In William Shakespeare’s Hamlet, the ghost of Hamlet’s father appears very briefly.
However, he provides the basis for the development and eventual downfall of Hamlet’s
character. The play begins with a dismal Hamlet mourning his father’s death
Recognizing this gloom, Queen Gertrude urges Hamlet to “cast thy nighted color off, and
let thine eye look like a friend on Denmark” (I, ii, 68-69). Soon after, the ghost appears,
insisting, “If thou didst ever thy father love, revenge his foul and most unnatural murder”
(I, v, 24-25). As Hamlet decides to scourge the past and present evils in Denmark, the
ghost unleashes death and malice onto the stage.
The first and most obvious change which the ghost instills into Hamlet is a
vengeful spirit. Not only must Hamlet destroy Claudius, but he must also stop Fortinbras
from invading Denmark. Although less obvious, the second task can be inferred from the
fact that the ghost appears wearing “the very armor he had on when he the ambitious
Norway combated” (I, i, 60-61). Hamlet spends the entire play trying to carry out these
orders, eventually causing the downfall of his spirit. Partly because he feels reserve and
guilt for his task, Hamlet delays taking action throughout the play. However, this
paradoxical delay only makes Hamlet feel more guilty. He questions his self-worth and
even considers suicide, pondering, “To die — to sleep — no more; and by a sleep to say
we end the heartache and the thousand natural shocks that flesh is heir to” (III, i, 60-63).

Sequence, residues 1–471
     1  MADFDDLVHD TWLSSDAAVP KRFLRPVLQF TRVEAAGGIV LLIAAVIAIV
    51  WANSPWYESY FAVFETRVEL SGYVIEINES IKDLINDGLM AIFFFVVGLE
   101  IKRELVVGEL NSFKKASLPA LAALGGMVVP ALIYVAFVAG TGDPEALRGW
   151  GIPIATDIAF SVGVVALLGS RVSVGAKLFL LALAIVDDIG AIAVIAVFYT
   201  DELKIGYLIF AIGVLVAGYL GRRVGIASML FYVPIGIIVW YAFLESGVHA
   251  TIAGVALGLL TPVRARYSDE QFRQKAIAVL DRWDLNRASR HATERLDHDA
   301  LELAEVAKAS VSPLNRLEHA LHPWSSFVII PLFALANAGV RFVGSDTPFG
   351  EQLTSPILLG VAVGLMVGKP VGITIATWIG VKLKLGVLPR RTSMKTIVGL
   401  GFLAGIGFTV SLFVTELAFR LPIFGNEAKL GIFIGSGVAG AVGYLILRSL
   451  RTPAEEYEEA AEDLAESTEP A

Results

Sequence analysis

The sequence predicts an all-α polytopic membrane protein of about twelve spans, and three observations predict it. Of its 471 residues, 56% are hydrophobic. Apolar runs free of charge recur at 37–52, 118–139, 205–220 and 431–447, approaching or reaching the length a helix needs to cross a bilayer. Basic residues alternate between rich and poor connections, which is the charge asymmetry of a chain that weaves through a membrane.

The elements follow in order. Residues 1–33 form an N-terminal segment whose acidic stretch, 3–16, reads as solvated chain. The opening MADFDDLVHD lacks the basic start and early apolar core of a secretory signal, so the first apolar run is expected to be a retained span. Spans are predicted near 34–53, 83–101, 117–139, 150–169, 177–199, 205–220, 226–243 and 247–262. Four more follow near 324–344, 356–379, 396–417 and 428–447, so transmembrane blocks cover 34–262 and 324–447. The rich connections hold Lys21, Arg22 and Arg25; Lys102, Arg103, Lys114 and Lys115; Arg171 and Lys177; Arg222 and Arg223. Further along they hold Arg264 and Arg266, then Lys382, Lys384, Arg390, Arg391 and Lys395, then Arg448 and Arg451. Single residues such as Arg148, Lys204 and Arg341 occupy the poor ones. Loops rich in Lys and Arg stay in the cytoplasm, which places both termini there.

He cannot accept the goodness of life or destroy its evils.
Because of the ghost’s words, Hamlet also becomes increasingly concerned with
his mother’s sexual relations with his uncle. In his first appearance to Hamlet, the ghost
insults his brother saying, “Ay, that incestuous, that adulterate beast… O wicked wit and
gifts, that have the power so to seduce!–won to his shameful lust the will of my most
seeming-virtuous queen” (I, v, 42-45). Hamlet, adopting this malicious spirit, later
responds to the ghost with a fervent, “O most pernicious woman! O villain, villain,
smiling, damned villain” (I, v, 105-106). Hamlet now has a valid reason to be disgusted
with both his uncle and his mother and proceeds to confront his mother on this incestual
issue. He does this by comparing his father, a “combination and a form indeed which
every god did seem to set his seal to give the world assurance of a man” (III, iv, 61-63),
to his uncle, a “mildewed ear blasting his wholesome brother” (III, iv, 65). Hamlet
focuses on a minute and inconsequential part of avenging his father’s murder; thus, he
The ghost also induces Hamlet’s preoccupation with death and decay, seen
through Hamlet’s many allusions to the subject. Hamlet makes puns involving death:
“Your worm is your only emperor for diet. We fat all creatures else to fat us, and we fat
ourselves for maggots. Your fat king and your lean beggar is but variable service-two
dishes, but to one table” (IV, iii, 21-24). He ponders and foresees death: “I see the
imminent death of twenty thousand men that for a fantasy and trick of fame go to their
graves like beds… O from this time forth, my thoughts be bloody, or be nothing worth”
(IV, iv, 60-66). Hamlet even seems fascinated by death: “That skull had a tongue in it,
and could sing once… That might be the pate of a politician… might it not?” (V, i,
67-71). We can assume that Hamlet was not previously obsessed and intrigued by death
and decay. However, with the ghost’s appearance, and with his increasing feelings of
guilt, Hamlet becomes more macabre and (covertly) depressed.
The ghost ultimately causes Hamlet’s destruction by requiring that his son avenge
his death. The ghost also causes Hamlet’s feelings of self-doubt and guilt thanks to
Hamlet’s procrastination — he never even reaches the task of stopping Fortinbras — and
to his somewhat incestual preoccupation with his mother’s and uncle’s relationship. The
ghost’s influence wrenches Hamlet’s spirit out of its normal frame so that he destroys
himself while simultaneously destroying his enemies.